Maybe I’ll send her a postcard sometime and tell her how much I appreciated the experience, but probably that’s still too creepy.

Eventually we made it to a 75mph road and triumphantly made our way into South Dakota. This meant we drove through Bighorn National Forest, which looked like this:

Yeah, that was what we thought, too. We had set our compass for Mt. Rushmore, mostly because we didn’t think we could miss it while driving this close to it, but also to see what we presumed would be grandeur and awe. As opposed to shock and awe, which neither of us, frankly, would drive to experience.

Roughly 2.7 million people visited the monument last year, which means that nearly 3 million folks were disappointed in spending the $10 parking fee to see some sculptor’s ego carved into the rock. The guy was a little kooky, preparing to sculpt “famous Americans” and put them into a vault called the Hall of Records for what, some alien civilization to discover? Something that would stand the test of time after we’ve obliterated ourselves from the face of the earth? I don’t get it.

We saw the monument, and I didn’t appreciate it because it was football fields away from me, giving me to sense of its real size. The curating of the exhibits were fourth grade level and didn’t answer any of my questions about why those presidents, why that order. I much prefer the Lincoln Monument in DC, the FDR Memorial, the exhibits that allow some kind of intimacy with the work and the subject, but I grant [sic] that that’s just me.

Next up was the Corn Palace, which not one but five friends insisted we stop and see on our drive. The last time I listened to such pushiness was for taking the Maid of the Mist in Niagara Falls, and it didn’t let me down. So naturally I presumed this would be pretty awesome in all of its kitchy-ness.

It wasn’t. While once upon a time the corn palace was completely redone every year, now only the panels on the building change, and they’re mildly interesting, but not interesting enough to warrant driving through Mitchell, the townies of which must just hate all of us tourists. It was fun enough, and I remarked that it was better than Mt. Rushmore because we didn’t have to pay for parking and we got some very tasty popcorn to boot.

Finally, we hit Sioux Falls on the east side of the state and met up with my friend Anna for lunch at the Phillips Avenue Diner. Note to everyone: fried cheese curds are an excellent bad for you snack, and I recommend them when they’re on the menu. Sioux Falls had an interesting feel to it, somewhere between Portland’s sprawl and the downtown of a small city, like Savannah. Anna showed us the actual falls, which cascade over pink quartz. I can not believe how much rock there is in the United States. Why don’t we export more rock? Where is the rock economy? Nobody is talking about rock getting us out of this recession, and we’re sitting on so much of it! We have to play to our strengths, people.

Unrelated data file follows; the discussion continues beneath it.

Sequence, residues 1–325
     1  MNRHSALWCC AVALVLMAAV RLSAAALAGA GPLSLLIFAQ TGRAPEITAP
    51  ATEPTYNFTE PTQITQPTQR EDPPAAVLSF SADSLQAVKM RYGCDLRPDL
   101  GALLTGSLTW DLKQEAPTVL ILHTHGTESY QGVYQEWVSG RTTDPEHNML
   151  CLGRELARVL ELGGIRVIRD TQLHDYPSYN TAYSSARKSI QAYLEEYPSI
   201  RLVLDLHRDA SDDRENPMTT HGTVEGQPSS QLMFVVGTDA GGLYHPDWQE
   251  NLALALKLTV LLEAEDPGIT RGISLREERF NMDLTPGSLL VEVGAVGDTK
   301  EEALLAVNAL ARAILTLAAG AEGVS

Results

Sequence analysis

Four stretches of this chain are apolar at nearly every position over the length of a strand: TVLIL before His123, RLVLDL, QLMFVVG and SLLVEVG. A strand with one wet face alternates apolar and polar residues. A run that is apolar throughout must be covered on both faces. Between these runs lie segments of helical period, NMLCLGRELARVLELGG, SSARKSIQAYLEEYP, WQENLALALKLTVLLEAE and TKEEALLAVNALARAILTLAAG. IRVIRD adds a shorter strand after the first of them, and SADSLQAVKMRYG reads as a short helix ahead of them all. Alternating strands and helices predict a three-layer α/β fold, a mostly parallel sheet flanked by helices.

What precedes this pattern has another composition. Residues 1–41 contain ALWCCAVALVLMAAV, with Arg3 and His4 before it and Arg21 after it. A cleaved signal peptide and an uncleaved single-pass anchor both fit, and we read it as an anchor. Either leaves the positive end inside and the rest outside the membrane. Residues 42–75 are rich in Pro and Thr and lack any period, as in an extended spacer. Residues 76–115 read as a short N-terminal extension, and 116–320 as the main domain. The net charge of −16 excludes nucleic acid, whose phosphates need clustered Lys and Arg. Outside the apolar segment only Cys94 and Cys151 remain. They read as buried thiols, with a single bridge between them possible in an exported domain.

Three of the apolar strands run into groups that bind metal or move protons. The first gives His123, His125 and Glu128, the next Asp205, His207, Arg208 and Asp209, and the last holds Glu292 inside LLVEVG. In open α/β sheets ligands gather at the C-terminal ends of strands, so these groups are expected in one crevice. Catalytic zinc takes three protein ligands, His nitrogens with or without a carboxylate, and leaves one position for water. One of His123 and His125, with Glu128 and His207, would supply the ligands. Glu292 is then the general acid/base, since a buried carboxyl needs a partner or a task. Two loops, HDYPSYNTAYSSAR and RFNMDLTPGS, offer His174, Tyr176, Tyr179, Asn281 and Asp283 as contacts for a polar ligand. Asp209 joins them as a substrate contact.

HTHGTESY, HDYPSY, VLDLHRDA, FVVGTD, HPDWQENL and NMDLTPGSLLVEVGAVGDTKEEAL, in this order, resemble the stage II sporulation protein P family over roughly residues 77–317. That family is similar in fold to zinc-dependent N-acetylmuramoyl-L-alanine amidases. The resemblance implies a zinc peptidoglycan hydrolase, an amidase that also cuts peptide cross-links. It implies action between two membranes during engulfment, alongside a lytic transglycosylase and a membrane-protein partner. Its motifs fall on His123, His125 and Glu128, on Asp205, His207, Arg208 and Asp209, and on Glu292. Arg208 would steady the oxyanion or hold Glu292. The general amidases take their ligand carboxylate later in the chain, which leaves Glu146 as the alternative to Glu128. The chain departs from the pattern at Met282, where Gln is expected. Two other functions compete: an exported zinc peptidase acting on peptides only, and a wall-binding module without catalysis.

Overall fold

Clearly, it is time for breakfast. Pictures galore in the next post.

The human race is doomed

Another brief run-down in numbers of our trip. We’ve now spotted:

  • a beaver, who regarded us from about 10 yards away and let us get a couple of good pictures
  • a white wolf, who went running by our car on the side of the road at the Grand Tetons
  • two bald eagles, separate sightings
  • a hawk or osprey, who flew away when we got too close
  • a mountain blue bird, who literally posed for me
  • at least 30 bison, one of whom walked next to our car
  • an elk couple, gnawing on some grass
  • a grizzly bear, too tired to stand so decided flopping over on his side was preferable
  • a couple pronghorn sheep on the side of a cliff

The Grand Tetons and Yellowstone are really incredible, simply put. There are so many different kinds of features I have a hard time fathoming that we’re in the same 300,000 acre area. Hot springs, geysers, mud pots, and volcanoes on the west side of the parks, enormous canyons, mountain-fed waterfalls, iced-up lakes and evergreens on the east and southern sides. And everywhere, precarious cliff drops, beasts and birds of prey, natural wonders I’ve never laid eyes on before, I could look in the same direction for 10 minutes and keep seeing new and interesting things.

The other thing I’ve realized on this trip is that it takes a hell of a lot of work to make a national park functional, from building in trails and roads without disturbing the ecosystem, staffing the park with rangers who know what they’re doing, writing up points of interest accurately and interestingly, and effectively keeping people aware of safety hazards and relevant laws. This last one cannot be understated as challenging for the park service. There were so many times Susanne and I saw people behaving with total ignorance of their surroundings, or what I can only imagine was disregard for rules, laws, and guidelines.